With 150 square meters, each villa has a wooden gate which leads to a private plunge pool and the room. I stayed at one of the Ocean View Villas. I woke up to the view of the plunge pool and the sea beyond. The bathroom was open-air with L’Occitane toiletries. The room, which has all the amenities de-rigueur of any good resort, is Zen-like in its cleanness of design.
That is the way Ria wanted it—simple, clean and tropical but not too “rustic.” By rustic, she meant rough. The inspiration is not even a resort, she revealed. It was a boutique hotel they found in the Internet while planning an excursion to Angkor in Cambodia. The stylish Hotel de la Paix in Siem Reap describes itself as a “hip combination of art deco and traditional Khmer design.” But Ria said she was inspired by the feel of the place, which she said had an element of hominess and is not grand and not “rustic” either.

Another lovely feature of Amorita is the view. Though the resort has no beachfront, it has an envious view. Perched on a cliff, guest is afforded a panorama of the Alona stretch, best enjoyed at the infinity pool, or at the restaurant or at a platform where dinner can be set under the trees and globular lamps and diners can feel as if floating towards the sea and sunset.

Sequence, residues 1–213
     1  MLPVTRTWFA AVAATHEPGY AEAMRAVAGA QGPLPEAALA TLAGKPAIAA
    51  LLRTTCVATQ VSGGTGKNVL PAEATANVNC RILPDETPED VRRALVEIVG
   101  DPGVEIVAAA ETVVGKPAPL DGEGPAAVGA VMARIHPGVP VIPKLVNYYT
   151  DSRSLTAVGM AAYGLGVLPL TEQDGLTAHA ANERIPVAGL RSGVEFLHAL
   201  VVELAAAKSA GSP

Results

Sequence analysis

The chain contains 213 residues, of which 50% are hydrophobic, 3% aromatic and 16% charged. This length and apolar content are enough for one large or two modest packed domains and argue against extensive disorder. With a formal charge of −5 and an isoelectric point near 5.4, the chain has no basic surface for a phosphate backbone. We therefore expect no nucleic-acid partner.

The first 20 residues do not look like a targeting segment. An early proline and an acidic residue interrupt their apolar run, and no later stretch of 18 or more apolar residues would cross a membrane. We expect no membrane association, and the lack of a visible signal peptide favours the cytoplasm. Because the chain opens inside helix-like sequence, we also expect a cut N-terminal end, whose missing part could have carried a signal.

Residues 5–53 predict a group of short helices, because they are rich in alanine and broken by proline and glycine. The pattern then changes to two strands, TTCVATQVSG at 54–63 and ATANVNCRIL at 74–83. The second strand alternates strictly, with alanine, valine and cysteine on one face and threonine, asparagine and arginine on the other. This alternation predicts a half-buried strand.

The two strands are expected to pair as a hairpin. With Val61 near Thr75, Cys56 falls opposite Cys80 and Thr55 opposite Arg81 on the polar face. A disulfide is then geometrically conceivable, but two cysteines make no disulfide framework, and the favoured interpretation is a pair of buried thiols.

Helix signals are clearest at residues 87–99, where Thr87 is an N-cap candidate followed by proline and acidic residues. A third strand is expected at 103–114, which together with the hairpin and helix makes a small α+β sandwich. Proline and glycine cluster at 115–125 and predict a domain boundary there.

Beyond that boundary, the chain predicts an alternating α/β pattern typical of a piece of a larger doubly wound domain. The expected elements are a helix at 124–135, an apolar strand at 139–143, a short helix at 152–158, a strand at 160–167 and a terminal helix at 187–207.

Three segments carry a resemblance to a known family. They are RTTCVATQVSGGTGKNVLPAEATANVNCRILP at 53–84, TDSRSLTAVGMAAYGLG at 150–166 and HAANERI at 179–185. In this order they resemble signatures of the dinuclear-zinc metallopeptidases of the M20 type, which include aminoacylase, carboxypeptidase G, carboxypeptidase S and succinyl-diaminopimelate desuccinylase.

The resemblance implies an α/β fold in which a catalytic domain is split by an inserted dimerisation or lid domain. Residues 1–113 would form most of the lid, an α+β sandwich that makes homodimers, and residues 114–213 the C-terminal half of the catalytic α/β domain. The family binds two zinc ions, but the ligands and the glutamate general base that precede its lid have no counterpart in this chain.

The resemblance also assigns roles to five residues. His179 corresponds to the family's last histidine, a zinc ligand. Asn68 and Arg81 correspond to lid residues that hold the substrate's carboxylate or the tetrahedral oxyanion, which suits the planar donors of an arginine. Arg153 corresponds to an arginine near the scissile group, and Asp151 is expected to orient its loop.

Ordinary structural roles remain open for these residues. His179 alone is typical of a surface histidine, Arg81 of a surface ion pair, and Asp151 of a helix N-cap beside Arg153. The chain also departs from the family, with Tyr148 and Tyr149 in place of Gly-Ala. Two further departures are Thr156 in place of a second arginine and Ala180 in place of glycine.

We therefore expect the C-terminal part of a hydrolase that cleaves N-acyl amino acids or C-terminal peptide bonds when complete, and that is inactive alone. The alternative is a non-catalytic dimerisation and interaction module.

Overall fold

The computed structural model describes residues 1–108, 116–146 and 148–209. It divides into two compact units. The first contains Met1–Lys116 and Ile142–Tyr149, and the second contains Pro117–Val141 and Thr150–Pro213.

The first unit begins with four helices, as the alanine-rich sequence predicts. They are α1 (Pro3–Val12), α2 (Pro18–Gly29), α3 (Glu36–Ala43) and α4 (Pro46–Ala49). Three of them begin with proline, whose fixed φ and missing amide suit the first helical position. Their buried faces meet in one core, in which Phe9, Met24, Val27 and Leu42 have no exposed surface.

The open-air Saffron Restaurant, so named because of the color of the sunset which cast a lovely glow on the restaurant, is where one can watch the beautiful sunset of Bohol and have comfort food. The menu features local fares like sinigang and gambas and international foods like fish and chips and cheeseburger. There is an ample selection of appetizers, soups, salads, pastas, entrees and desserts. Try their original Peanut Kiss sans rival and coffee with the sunset.
Other than imbibing the view and the place itself, Amorita can arrange for tours and activities like a countryside tour of Bohol and diving. The area offers a number of dive spots. In fact, nine kilometers southwest of Alona Beach is Balicasag Island, which many consider as having the best diving spots in the region. Other water activities include snorkeling,
kayaking and island tours. Try also the dolphin watching activity, which takes guest near Pamilacan Island.